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  May 24, 1999

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Loss of Albertan hero 'devastating' local fans

By MARTY YASKOWICH -- Staff Writer
  The death of Owen Hart last night hit local wrestling fans like an elbow smash from the top rope.
 "I've followed the Hart brothers since Stampede Wrestling," said fan Bud Tymko, who has a signed photograph of the Calgary-based grappler.
 "It's devastating."
 Hart fell to his death while preparing to enter the ring on a cable during a pay-per-view event in Kansas City last night. Fans watching the broadcast said the accident, and subsequent efforts to revive Hart, weren't shown live but an announcer explained the incident's severity.
 "When (announcer) Jim Ross came on ... He said 'This is not a story line, this is real'," said Sun editorial writer Mike Jenkinson, a shocked fan. "And they never do that."
 Local followers last saw Hart live April 18 at Skyreach Centre, when he teamed with Jeff Jarrett to vie for a tag-team title shot. A capacity crowd of 17,000, including Sun cartoonist Fred Curatolo, took in the event.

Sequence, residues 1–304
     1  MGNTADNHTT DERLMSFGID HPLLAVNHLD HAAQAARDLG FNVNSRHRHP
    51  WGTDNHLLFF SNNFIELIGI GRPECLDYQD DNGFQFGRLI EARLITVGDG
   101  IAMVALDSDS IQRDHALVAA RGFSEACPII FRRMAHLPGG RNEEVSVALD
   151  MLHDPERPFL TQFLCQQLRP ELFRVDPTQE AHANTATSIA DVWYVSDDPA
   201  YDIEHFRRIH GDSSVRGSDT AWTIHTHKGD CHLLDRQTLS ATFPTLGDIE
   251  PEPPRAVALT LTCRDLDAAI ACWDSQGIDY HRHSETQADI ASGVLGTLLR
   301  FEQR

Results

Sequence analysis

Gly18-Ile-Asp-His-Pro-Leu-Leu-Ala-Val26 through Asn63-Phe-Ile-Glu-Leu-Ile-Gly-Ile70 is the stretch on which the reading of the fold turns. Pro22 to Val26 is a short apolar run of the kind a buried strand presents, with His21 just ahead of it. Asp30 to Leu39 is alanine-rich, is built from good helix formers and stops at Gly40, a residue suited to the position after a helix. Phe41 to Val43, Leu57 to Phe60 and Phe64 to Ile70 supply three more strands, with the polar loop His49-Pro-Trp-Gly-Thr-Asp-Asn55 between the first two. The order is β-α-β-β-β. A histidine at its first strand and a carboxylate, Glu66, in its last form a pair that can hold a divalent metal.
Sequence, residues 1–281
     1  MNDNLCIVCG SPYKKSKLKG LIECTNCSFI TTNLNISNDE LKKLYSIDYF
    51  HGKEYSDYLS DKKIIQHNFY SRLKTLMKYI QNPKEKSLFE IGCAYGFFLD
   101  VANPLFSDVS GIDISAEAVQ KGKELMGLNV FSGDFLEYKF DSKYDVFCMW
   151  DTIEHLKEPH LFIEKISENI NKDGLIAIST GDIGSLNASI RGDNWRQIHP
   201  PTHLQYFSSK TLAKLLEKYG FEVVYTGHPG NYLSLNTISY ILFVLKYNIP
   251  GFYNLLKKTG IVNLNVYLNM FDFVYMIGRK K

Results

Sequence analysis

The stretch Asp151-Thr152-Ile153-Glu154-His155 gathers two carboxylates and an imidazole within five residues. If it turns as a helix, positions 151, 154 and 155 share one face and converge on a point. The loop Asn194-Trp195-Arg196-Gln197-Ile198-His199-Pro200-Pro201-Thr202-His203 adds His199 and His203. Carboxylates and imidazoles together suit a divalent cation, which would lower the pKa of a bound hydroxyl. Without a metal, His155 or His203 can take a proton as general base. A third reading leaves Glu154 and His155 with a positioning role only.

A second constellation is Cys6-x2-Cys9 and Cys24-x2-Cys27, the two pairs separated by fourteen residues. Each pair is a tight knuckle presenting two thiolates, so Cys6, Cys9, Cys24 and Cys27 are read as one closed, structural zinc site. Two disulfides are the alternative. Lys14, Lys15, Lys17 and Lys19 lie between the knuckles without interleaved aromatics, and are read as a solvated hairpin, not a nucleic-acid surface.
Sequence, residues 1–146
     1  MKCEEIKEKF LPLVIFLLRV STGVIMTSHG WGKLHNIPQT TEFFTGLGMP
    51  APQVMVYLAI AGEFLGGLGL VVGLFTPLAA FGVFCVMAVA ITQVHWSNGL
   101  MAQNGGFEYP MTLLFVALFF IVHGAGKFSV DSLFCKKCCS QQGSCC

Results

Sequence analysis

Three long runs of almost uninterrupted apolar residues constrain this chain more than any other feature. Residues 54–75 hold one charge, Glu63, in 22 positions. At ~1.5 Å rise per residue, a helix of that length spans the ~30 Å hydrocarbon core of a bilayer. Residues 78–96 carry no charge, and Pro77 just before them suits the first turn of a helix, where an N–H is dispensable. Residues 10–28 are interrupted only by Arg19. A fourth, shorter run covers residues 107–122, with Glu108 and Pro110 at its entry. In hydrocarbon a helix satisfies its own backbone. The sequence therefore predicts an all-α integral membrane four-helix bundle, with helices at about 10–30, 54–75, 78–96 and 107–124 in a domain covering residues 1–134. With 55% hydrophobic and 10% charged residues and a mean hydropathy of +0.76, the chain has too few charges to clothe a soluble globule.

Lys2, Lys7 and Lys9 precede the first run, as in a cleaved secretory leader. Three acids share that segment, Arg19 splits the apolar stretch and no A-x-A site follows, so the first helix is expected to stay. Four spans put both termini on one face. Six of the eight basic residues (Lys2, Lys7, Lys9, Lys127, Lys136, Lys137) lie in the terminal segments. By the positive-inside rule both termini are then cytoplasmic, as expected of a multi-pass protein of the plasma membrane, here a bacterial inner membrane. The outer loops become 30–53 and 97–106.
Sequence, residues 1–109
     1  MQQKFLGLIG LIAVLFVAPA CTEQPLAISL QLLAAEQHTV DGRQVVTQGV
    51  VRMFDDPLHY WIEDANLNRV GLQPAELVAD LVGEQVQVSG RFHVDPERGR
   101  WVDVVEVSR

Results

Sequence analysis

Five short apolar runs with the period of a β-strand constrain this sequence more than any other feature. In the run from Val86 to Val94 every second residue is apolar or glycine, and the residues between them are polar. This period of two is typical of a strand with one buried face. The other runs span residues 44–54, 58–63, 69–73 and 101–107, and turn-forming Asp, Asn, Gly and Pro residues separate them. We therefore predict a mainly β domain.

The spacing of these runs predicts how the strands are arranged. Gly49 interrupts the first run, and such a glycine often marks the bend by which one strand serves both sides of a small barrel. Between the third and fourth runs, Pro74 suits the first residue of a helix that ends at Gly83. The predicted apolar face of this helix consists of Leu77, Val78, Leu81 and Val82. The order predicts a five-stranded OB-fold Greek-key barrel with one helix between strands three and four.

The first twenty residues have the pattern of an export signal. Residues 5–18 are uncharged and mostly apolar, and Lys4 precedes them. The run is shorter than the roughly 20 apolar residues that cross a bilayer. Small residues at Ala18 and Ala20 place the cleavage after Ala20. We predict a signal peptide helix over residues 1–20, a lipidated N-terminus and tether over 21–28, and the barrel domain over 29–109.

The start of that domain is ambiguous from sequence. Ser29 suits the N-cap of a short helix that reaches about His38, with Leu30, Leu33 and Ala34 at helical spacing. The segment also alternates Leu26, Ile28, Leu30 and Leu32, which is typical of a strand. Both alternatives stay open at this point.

"What a loss," Curatolo said last night. "He was a great athlete - what a tragedy."
 Jenkinson thought of the real-world effects of the death in the make-believe ring. "This is very sad and not just because he was a great wrestler and a great performer," said Jenkinson.
 Jenkinson, a father of two young girls, said seeing Hart in Calgary a couple of years ago with his new baby makes the accident that much harder to accept.
 "I saw that girl with my own eyes and now that little girl doesn't have a daddy any more," he said.
 Tymko said he'd read Hart, a 13-year veteran of pro wrestling, was considering quitting the business to spend more time with his family.
 "That's the most devastating part. He wanted to stay home with his kids," he said.
 Curatolo hoped the accident might bring back the old days of the sport, when the wrestling was the focus, not the entrance to the ring and sideshows like the one that killed Hart.
 "It will probably put a stop to the junk like that," Curatolo said. "It's too bad wrestling doesn't get back to wrestling."

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